We realize that this post is out of order, but we are putting it up now to fill everyone in on our current situation. Don’t worry, we’re all safe and sound, and Chimera will be ok eventually…but for now the van has had a major engine failure and we are stuck in the little mountain town of El Cocuy, Colombia.
As we departed Lanquin we discovered that all of the rough roads throughout Baja, mainland Mexico, and Guatemala took a toll on Chimera’s suspension. We made a temporary repair with a frisbee and headed to lovely San Pedro La Laguna for some Spanish school and to await new parts ordered from the U.S.
When we arrived in La Paz, Baja California Sur, after many long and dusty roads, it was time to give Chimera some love. After all, he/she/it (shim) is our world right now. First we ventured out to get the oil changed. We had purchased a bunch of oil filters before leaving the states in anticipation that it may be hard to find the correct Subaru filters along the way. We pulled up to a shop that looked like it specialized in oil changes and were immediately directed to drive over the pit. Tim did the best he could to communicate in Spanish with the grease monkey and, with some help from the woman working the cash register, we found out that they did not have the proper weight oil (in fact they may not have had any oil at all at the moment). They were meant to get a shipment later in the day, but we were told that we could just go across the street to the supermarket and buy the oil we needed. So Tim headed off to do this while the grease monkey went to work on draining the oil.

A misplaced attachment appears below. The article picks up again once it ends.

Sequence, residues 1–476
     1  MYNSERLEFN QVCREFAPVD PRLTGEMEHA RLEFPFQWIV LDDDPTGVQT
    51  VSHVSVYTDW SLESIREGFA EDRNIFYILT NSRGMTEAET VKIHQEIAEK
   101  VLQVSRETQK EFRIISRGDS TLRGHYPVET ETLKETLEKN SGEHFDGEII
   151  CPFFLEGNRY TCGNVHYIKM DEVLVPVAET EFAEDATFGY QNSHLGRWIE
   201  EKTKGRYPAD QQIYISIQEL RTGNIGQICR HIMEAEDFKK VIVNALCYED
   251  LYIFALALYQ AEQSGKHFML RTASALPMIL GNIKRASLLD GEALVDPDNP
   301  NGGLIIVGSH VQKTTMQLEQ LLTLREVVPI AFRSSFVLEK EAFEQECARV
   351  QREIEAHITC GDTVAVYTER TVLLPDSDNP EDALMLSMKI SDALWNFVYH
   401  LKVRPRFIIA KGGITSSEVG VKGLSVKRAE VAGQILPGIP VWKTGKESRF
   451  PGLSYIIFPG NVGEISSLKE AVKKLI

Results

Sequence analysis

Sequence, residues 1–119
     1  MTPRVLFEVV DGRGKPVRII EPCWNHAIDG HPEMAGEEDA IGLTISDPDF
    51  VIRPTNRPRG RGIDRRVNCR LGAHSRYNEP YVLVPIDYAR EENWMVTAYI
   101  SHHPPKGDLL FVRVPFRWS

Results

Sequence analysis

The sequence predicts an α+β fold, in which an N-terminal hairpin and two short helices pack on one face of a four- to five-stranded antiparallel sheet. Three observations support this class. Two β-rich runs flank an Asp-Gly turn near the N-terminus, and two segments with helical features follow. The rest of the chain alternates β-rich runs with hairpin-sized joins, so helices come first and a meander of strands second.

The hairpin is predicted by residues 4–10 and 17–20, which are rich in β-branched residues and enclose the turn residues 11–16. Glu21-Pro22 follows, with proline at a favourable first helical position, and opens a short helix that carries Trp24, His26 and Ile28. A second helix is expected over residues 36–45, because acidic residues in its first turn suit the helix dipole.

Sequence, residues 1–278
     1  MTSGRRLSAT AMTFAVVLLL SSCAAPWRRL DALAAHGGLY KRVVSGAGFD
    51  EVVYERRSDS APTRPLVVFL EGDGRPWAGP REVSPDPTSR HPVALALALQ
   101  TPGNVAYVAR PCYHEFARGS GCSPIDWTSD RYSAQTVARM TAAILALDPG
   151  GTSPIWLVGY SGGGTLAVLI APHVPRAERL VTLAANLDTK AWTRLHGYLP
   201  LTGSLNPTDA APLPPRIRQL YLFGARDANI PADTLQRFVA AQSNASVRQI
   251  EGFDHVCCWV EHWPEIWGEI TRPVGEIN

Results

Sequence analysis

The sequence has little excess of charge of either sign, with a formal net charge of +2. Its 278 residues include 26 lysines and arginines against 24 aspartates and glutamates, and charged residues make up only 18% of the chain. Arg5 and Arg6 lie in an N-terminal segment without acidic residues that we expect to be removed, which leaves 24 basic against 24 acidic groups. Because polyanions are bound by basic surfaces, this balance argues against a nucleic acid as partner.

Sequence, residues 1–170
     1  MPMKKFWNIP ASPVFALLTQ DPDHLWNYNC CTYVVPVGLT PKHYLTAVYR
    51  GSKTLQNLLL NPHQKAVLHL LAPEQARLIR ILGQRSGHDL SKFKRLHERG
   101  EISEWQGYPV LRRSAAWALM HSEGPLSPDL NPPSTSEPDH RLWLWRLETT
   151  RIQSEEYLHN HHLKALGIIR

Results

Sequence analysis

When we were considering how to turn our tin-top Vanagon Syncro into the ultimate road tripping machine, we spent a lot of time looking at different options that would give us more living space. In particular we required the ability to stand up in our kitchen. Because Chimera is one of the rarest of the Vanagon Syncros, a sunroof Syncro, it already contained the huge hole in the roof necessary to fulfill this requirement.
We, however, wanted more. We wanted protection from the elements and swarms of mosquitos that we will be sure to encounter on our journey south. For this, there are really only two options. The first is to put a hard top on the roof. As the name suggests, a hard top is a hard, usually fiberglass, shell that is glued to the roof to provide additional interior height along the length of the van. This option was dreamed about, but was dismissed due to the seemingly exorbitant cost from the only Vanagon hard top provider in North America. In hindsight, the prices are quite reasonable.